“The major change we made is that James Bond is in semi-retirement, and must force his way back into action. He’s the last person M wants involved, because he’s too dangerous and.they don’t do things like that any more. They want to get Bond out of the way. When he goes to the Bahamas, they think they’ve gotten rid of him. He in no way has the resources of the British Secret Service behind him. His only support comes from his friend, CIA agent Felix Leiter [played in the film by Bernie Casey]. At one point, we even had Leiter kicked out of the CIA and working in security for an oil company, but we had to change that back for legal reasons.

“The biggest area of contention concerned the geography. The same action which. previously occurred in the Bahamas would now take place elsewhere. I kept saying the story was more important than the location, but Jack and his lawyers were very nervous about moving the setting from the Bahamas.

“We were in a Catch-22 situation. We definitely owned this material, but if our movie wasn’t something like the Thunderball movie we would be in trouble-although, at the same time, we couldn’t use anything unique to that film. However, it really didn’t worry us, as long as we could get Sean. First, we would make it as different as possible. Then, if we had to pull it back, we hoped he would understand.”

For Part 1 of the interview, go here.

For Part 2, go here.

Interview [Written]: Rob Thomas

This is for all you Veronica Mars fans: A interview with the movie’s co-writer and director Rob Thomas.

It’s hard to believe that Veronica Mars started – and almost ended – her life as a book pitch.

“It was supposed to be my fifth novel,” explains series creator Rob Thomas, “but I got hired on Dawson’s Creek, so I moved from Texas to Los Angeles and started working in television.”

Luckily for Mars-heads everywhere, Hollywood had its typically corrupting influence on the young writer. Confesses Thomas: “The very crass reason that it never became a book is because I could write TV scripts faster and make a lot more money doing that.”

Thomas’ quasi-avarice did two things. First, it helped him afford his Los Angeles home. Second, it gave birth to a show about a hard-boiled, teenage private detective that would amass an impressive cult over its three years on the air. So much so that when Thomas and series star Kristen Bell started a Kickstarter campaign to finance a Veronica Mars movie, they raised a record-breaking $5.7 million. Thomas directed and co-wrote with Diane Ruggiero the resulting feature, which hits screens today.

As a successful developer-creator for shows like Party On and the new 90210, Thomas now has his mortgage under control, so he’s coming full circle by putting out a series of Veronica Mars books that will continue from where the movie leaves off.


Part of the charm of the original series was the whole kind of self-empowered young adult thing. You’re not going to have access to that because she’s a grown up now. How will you make up for it in the movie?

In a way, the logline was the selling point of the series; what made her unique was her young age, and in some ways, I feel like it’s also what turned people off. If I had not been involved with Veronica Mars and I read the logline “teenage private eye” I would have rolled my eyes and moved on. So I am interested in seeing what sort of response people have to this idea of a 28-year-old Veronica now, it becomes less of a hook.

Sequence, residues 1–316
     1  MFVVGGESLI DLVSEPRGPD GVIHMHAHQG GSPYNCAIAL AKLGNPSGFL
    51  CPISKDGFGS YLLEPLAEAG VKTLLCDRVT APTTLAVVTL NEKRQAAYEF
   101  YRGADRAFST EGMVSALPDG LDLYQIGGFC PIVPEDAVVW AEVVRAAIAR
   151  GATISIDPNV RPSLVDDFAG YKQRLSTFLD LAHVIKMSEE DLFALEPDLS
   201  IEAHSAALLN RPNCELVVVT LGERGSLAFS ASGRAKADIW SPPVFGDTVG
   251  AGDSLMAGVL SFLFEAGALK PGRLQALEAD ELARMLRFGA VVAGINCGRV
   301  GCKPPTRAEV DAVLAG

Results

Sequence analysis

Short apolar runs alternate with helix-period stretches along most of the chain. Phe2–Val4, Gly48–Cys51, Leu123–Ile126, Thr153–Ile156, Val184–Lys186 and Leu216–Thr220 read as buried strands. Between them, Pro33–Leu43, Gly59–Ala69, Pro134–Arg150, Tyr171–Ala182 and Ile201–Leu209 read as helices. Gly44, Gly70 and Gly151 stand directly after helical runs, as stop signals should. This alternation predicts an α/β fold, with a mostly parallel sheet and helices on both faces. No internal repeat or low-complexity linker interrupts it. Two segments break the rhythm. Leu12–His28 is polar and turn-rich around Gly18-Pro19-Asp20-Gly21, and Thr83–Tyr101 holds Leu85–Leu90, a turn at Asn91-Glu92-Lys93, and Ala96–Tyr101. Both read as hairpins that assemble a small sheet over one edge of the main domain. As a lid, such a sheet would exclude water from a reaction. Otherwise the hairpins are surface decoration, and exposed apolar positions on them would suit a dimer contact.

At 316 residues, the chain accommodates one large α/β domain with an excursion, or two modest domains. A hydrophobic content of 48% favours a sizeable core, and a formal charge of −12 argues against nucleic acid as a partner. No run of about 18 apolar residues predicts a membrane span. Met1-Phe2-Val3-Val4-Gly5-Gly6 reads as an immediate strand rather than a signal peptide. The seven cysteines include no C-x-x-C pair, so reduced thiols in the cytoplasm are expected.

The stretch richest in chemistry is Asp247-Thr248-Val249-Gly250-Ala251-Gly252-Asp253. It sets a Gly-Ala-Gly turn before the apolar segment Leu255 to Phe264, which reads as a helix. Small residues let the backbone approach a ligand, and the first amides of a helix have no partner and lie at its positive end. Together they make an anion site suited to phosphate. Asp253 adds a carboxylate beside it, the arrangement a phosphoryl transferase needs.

Sure, she’s a young woman private eye but that doesn’t have quite the bang of a 17-year-old girl. Maybe it will make more people actually believe in it and think, “Well, it sort of makes sense, that premise no longer makes me roll my eyes.”

The fans who fell in love with her at 17 will be there for the movie and maybe the fact that she’s no longer a teenage private eye could invite more people in.

Fans played a huge role in the genesis of this movie. Did that influence your creative process? Did you feel pressure to give the kids what they want?

There was a bunch of the giving the people what they want. When we started to finance it on Kickstarter, I thought there was a chance that we might not get any theatrical release and if we did get a theatrical release, it might be 10 select cities. I was really thinking, We’re going to make all of the money on this movie from VOD. Since fans financed this movie, it’s going to be for the fans. So I really did write the movie thinking of it as a love letter to the fans, that’s what I’m going to give them. It’s really only been in the wake of this huge Kickstarter promotional explosion of getting over five million and being on the cover of Entertainment Weekly that made me sort of start to rethink that a bit.

Suddenly it became apparent that we would be released on a bunch more screens and the studio wanted this movie to cross over a bit. So we did add some stuff to the movie, we added a two-minute origin story main title sequence, putting the origin story up front for non-fans.

Even in the editing room in the aftermath I started asking myself the question of maybe I should include this bit or that bit because we’re hoping non-fans will join the party and that line might be necessary to bring them along.

I’d been toying for years with the idea of doing Veronica Mars as an FBI agent when we found her again, like a young Clarice Starling type. Yet once it became fan financed, I honestly couldn’t figure out a way that would roll in all the characters that people wanted to see into an FBI story. What is the case that allows me to bring Mac and Wallace and Piz and Dick Casablancas into the movie? Any idea that I had made me roll my eyes – so that’s one of the ways the fan financing influenced me. I chose a plotline that would let me get to all the fan goodies. But I am a fan of the show and a lot of the things that the fans dig about it are the things that I liked. I like having Dick Casablancas in the show, so I’m glad I figured out a way to use him.

Here is a featurette for the movie:

For the rest of the interview, go here.